Éowyn can no longer dance as lightly as the lady who now twirls in Faramir's arms. Her legs, though strong enough to ride, hurt when she kicks high and fast . She watches Faramir hungrily, angrily. How dare he still move so well! He has always been a joy to dance with, easily the best in Gondor, gliding or stepping across the floor with the grace of an Elf, better than even the King or Imrahil. Her feet tap the floor. This dance is too fast for Éowyn, but not for Faramir and the slender young woman whose hair, untouched by gray, shines as golden as hers once did.
Éowyn does not betray her unrest. Age creeps up on her; and she refuses to give any sign that its victories, still occasional, pain her. She sits straight-backed in her green and silver gown and smiles coolly. No one must guess that a sudden jealousy of her own daughter has speared the Princess of Ithilien. It is an ugly thing, to resent one's child for being young and fair and dancing with her own father.
Faramir and Cynwen move so quickly and perfectly in the dance.
Mercifully, the dance ends. Partners separate. Eldarion approaches Éowyn's daughter and takes her from Faramir, who returns to Éowyn. His gaze, bright and keen and missing nothing, sweeps over her.
"Have you saved a dance for me?" He asks, as if she still drew all men's eyes. "I hope I have come before Legolas could ask you."
Is he cozening her? She could snap at him, bid him dance with one of Eldarion's pretty young sisters. But she truly does want to dance with Faramir. She would have trod a measure already if she had not come late, feeling weary earlier, to the Hall.
"Is there no other you would choose, my lord?" Éowyn hears herself ask. Her voice sounds thin and querulous to her, and she wishes she could take back the years.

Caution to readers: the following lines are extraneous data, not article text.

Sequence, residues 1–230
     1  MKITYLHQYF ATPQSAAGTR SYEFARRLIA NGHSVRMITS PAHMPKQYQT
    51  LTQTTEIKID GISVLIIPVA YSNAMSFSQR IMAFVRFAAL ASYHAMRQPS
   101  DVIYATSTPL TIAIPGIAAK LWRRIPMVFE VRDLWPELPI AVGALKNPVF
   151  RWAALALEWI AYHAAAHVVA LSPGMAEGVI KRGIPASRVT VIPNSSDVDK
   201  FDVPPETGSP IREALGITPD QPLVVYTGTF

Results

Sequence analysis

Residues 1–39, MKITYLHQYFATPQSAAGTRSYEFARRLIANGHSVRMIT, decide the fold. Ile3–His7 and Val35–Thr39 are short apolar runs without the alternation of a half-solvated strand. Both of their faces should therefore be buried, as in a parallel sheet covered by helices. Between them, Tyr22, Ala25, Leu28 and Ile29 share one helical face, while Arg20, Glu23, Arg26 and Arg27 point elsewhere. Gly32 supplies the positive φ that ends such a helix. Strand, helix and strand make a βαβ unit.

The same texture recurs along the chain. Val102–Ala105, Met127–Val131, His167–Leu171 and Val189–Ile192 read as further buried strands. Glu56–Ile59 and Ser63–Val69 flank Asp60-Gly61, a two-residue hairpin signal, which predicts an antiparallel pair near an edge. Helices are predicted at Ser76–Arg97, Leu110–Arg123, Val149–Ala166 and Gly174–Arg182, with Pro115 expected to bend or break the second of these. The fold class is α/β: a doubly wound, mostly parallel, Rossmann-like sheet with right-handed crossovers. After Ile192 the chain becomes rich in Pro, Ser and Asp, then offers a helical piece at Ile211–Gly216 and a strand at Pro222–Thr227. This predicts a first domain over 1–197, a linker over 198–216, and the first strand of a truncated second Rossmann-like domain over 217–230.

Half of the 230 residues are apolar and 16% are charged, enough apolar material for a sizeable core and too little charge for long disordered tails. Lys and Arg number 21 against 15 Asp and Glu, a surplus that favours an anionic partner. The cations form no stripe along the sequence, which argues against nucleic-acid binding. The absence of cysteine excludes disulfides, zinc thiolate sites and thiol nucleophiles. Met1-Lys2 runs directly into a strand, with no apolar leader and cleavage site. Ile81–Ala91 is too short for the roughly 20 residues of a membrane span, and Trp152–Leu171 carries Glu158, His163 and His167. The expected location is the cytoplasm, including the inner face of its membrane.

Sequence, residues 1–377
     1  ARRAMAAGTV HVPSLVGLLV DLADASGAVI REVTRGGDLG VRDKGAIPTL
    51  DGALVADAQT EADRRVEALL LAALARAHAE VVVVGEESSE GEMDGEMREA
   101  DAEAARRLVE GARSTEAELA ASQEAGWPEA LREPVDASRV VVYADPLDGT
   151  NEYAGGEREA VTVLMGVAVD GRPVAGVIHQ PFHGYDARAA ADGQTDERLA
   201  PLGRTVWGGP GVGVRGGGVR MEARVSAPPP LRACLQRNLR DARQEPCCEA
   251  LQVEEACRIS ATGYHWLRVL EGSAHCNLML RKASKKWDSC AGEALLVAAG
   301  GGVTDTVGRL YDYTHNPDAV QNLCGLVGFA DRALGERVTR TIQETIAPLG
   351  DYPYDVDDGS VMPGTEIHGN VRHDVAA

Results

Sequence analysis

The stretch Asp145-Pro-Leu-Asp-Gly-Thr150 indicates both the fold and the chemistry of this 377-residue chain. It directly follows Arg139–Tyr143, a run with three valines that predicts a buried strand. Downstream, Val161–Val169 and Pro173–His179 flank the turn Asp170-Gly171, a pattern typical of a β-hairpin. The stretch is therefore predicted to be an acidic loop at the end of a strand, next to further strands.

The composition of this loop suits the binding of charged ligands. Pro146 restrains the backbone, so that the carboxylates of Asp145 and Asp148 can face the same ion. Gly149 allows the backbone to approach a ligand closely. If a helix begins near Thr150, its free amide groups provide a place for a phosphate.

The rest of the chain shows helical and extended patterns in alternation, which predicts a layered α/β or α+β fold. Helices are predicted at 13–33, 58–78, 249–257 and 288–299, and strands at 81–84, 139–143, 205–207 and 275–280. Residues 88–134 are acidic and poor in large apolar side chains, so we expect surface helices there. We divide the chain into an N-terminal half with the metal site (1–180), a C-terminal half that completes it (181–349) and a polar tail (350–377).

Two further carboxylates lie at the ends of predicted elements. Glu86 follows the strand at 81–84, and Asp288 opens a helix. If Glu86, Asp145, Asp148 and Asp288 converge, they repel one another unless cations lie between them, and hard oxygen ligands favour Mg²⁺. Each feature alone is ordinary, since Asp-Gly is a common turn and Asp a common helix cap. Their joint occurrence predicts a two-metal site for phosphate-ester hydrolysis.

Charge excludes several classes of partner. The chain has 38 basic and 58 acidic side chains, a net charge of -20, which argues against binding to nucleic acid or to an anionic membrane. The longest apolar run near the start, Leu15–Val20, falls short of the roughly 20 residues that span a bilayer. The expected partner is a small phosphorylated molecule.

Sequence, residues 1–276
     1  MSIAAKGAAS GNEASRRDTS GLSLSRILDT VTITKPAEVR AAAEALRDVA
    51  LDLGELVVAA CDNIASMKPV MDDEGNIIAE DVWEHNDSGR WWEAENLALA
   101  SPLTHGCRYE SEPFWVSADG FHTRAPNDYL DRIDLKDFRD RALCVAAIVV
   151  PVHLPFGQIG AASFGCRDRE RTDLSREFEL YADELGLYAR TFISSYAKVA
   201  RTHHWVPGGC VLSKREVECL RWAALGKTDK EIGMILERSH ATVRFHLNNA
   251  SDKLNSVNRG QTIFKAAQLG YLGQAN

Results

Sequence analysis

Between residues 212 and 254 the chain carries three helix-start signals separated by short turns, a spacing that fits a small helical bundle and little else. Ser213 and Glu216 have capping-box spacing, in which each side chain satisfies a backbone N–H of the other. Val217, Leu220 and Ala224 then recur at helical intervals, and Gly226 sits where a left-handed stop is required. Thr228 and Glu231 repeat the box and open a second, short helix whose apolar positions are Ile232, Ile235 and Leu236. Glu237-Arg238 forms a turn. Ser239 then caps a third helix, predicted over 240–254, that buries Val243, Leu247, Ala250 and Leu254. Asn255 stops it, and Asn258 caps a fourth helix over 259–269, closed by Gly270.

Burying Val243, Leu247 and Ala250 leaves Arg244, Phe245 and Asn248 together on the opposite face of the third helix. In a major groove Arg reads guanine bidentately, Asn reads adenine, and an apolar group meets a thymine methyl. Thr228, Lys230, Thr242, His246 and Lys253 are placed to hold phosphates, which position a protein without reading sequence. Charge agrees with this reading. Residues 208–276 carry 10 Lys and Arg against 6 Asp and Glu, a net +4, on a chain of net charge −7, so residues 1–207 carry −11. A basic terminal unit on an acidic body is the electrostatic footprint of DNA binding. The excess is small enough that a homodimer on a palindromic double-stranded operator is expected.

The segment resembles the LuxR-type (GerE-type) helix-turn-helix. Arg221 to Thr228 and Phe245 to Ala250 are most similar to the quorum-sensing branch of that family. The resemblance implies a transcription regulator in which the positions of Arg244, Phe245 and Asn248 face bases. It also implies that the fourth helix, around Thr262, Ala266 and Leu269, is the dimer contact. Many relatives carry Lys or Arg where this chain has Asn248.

Faramir flicks one of his sword-like glances at her, too fast to interpret. Then he holds out his hand and lifts his chin, a challenge visible on his face.
"There is none who can match you, my lady," Faramir says firmly, brooking no opposition.
He has never lied to her. Éowyn rises and takes her lord's hand. The music swells up, drums strike a stern, proud rhythm beneath the trilling viols. Faramir smiles, the way a man always does in the company of a woman he admires, the way he has for all the years since she accepted his suit. An answering pride flushes her own cheeks. If she is no longer the fairest woman in Ithilien, she is still its Princess, and the Witch-King's Slayer, and she will let no one forget it this night.
They step into the dance. Some heads turn - young Alphor's wife never misses a chance to flirt with Faramir. But Faramir seems not to notice. His eyes rest on Éowyn alone, his strong hands warm about hers. And there is Elfric, Éomer's envoy and Elfhelm's heir, gawking at her in the same foolish way as his father sometimes did, so many long years ago. It pleases her to know that she can yet catch a young man's eye.
Éowyn nods politely at the Rider, then smiles with heartfelt joy into Faramir's bright eyes. The dance is the Knight's Pavane, slower but not tedious, demanding a brisk step. Éowyn feels blood, rather than ice, course through her veins. Faramir will not need to slow his pace on her account. And for now, that is enough.
Author's Note: Cynwen, daughter of Faramir and Éowyn, is my creation; as is Elfric (who is probably Elfhelm's son).